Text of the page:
DeSantis more likely to ‘double down’ than pivot as he enters presidential race” via Alex Roarty of the Miami Herald — After emerging from last year’s Midterm Elections as GOP voters’ undisputed top alternative to Trump, DeSantis has faced a torrent of criticism from fellow Republicans questioning his political judgment on issues like his feud with the Walt Disney corporation and the delayed launch of his White House campaign. Even some allies and donors have called for him to recalibrate his approach or relent on some of his past positions lest his campaign fizzle before it officially begins. But a pivot isn’t coming anytime soon. Instead, DeSantis plans to double down on his past positions, confident that recent history proves he and his political operation are better attuned to the values and desires of the average Republican voter than their critics and doubters.

—”DeSantis is about to run for President. Andrew Warren has a warning.” via Liz Skalka of HuffPost

DeSantis meets Chris Sununu as he visits New Hampshire ahead of 2024 launch” via Hannah Knowles of The Washington Post — DeSantis met for an hour Friday with Sununu ahead of his campaign launch as he swung through the first-in-the-nation Primary state. Sununu, who is seriously considering a Presidential bid and has urged the GOP to move on from Trump, has also recently criticized some of DeSantis’s policy moves, including the Governor’s still-escalating battle with Disney, which Sununu and some other Republicans consider at odds with “free market” conservatism. But Sununu nodded to common ground with DeSantis during a brief interview Friday after their meeting.

DeSantis meets Chris Sununu and takes part in some retail politics in New Hampshire. Image via AP.

The Casey DeSantis problem: ‘His greatest asset and his greatest liability’” via Michael Kruse of POLITICO — For some time now she’s been seen mostly and by many as an absolute superstar of a political spouse, a not so “secret weapon” — an antidote for her sometimes awkward husband, social in a way that he is not, charismatic in a way that he is not, generally and seemingly at ease in the spotlight in a way that he so often and so evidently is not. Others who have worked with her or around her have nodded more quietly to the downsides of the starring part that she plays. “She is both his biggest asset and his biggest liability. And I say biggest asset in that I think she does make him warmer, softer,” Dan Eberhart, a DeSantis donor and supporter, told me. “But he needs to be surrounded with professional people, not just her.”

Top DeSantis adviser has charted a lucrative path in GOP” via Josh Dawsey and Isaac Stanley-Becker of The Washington Post — Last year, the political consultant now leading a super PAC dedicated to helping DeSantis in a soon-to-be-announced Presidential bid was hunting for investment in his booming company, Axiom Strategies. To convince investors that they should give him $25 million, Axiom founder Jeff Roe presented a startling statistic about how his firm makes money.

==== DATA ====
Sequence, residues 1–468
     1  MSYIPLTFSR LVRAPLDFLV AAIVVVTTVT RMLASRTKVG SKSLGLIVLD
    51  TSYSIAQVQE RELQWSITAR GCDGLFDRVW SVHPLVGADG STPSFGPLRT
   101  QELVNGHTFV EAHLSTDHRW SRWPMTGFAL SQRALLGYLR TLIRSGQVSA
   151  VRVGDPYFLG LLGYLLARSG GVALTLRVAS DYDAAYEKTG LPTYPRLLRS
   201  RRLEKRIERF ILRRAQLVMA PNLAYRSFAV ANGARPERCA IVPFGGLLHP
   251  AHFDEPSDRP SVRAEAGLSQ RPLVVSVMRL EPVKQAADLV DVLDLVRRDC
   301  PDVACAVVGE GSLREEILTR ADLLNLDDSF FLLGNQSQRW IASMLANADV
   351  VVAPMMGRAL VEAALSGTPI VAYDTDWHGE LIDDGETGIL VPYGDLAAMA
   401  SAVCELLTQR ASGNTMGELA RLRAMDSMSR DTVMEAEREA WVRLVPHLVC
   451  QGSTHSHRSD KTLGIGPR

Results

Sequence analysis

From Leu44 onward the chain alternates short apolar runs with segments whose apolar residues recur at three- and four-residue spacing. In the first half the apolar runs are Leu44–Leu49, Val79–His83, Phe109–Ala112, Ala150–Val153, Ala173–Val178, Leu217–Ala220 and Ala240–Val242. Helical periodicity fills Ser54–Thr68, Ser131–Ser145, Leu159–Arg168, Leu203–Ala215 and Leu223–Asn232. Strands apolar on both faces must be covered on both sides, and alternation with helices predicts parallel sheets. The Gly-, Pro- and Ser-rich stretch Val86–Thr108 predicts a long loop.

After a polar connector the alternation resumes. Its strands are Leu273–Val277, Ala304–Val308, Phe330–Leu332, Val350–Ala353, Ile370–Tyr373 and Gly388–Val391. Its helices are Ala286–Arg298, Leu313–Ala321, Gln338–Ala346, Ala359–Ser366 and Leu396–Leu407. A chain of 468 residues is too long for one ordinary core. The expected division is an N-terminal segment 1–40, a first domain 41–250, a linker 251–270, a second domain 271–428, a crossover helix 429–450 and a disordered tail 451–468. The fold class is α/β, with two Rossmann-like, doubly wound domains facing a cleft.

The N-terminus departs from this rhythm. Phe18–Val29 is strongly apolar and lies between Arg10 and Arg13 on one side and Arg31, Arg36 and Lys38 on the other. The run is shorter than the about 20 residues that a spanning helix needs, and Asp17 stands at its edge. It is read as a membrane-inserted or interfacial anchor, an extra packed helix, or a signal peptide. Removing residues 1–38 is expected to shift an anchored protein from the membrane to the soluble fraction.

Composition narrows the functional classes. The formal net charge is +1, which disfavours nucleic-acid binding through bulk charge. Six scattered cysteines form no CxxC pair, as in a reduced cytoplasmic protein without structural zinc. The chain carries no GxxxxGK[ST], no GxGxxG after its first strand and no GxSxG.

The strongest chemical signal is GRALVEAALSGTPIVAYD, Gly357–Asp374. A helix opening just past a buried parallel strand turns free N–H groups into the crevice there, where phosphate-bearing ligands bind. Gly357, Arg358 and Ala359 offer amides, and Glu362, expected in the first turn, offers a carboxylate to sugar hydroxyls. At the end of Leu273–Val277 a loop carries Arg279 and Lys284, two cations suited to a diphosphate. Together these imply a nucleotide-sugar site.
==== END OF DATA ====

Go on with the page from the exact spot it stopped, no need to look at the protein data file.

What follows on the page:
Air DeSantis: The private jets and secret donors flying him around” via Alexandra Berzon and Rebecca Davis O’Brien of The New York Times — DeSantis, who is expected to formally announce his candidacy next week, is hardly the first politician to take advantage of the speed and comfort of a Gulfstream jet. Candidates and officeholders in both parties have long accepted the benefits of a donor’s plane as worth the political risk of appearing indebted to special interests or out of touch with voters. But ethics experts said the travel and specifically the role of the nonprofit shows how DeSantis’ prolonged candidate-in-limbo status has allowed him to work around rules intended to keep donors from wielding secret influence. As a declared federal candidate, he would face far stricter requirements for accepting and reporting such donations.

— MORE 2024 —

National poll puts DeSantis 42 points behind Donald Trump” via A.G. Gancarski of Florida Politics — The most recent survey from Harvard-Harris, conducted May 17 through May 19, shows the Governor 42 points behind Trump, 58% to 16%. Despite DeSantis’ doldrums, he’s well ahead of the trio tied for third: Nikki Haley, Mike Pence and Vivek Ramaswamy all have 4% support. There is some good news in the survey. After Trump, DeSantis is the runaway “second choice,” up 41% to 14% over the former Vice President. DeSantis scored 16% in other recent polling. A survey of 436 likely GOP Primary voters conducted April 24-27 by McLaughlin and Associates shows DeSantis mustering 16% in a crowded field. An Emerson College poll has DeSantis 46 points behind Trump, 62% to 16%. The RealClearPolitics polling average pegs DeSantis at just under 20%.

—“Republican mega-donor dumps Trump to back DeSantis for president in 2024” via Carl Campanile of the New York Post

—“Former Trump lawyer describes conflict inside legal team” via Alan Feuer and Maggie Haberman of The New York Times

—“Trump: ‘Even Andrew Cuomo did better’ than DeSantis on COVID” via Ernesto Sampera of Florida’s Voice

Pro-Trump ad calls DeSantis ‘Ron DeSalesTax’” via Grayson Bakich of The Floridian — Sung to the tune of “Old MacDonald Had a Farm,” the ad focuses on the “Fair Tax” law pushed by DeSantis during his time in Congress. While it would cut multiple forms of taxation, the “Fair Tax” system would impose a 23% sales tax hike, lampooned in the ad as “Ron DeSalesTax had a plan- to make you pay more.” Former DeSantis Press Secretary Bryan Griffin called the ad “dishonest” and pointed to positive aspects of the Fair Tax law pushed by DeSantis, including disbanding the Internal Revenue Service (IRS). Moreover, Griffin highlighted Florida’s tax climate as an impetus for the Sunshine State being the country’s fastest-growing state in 2022, with one resident being none other than Trump himself.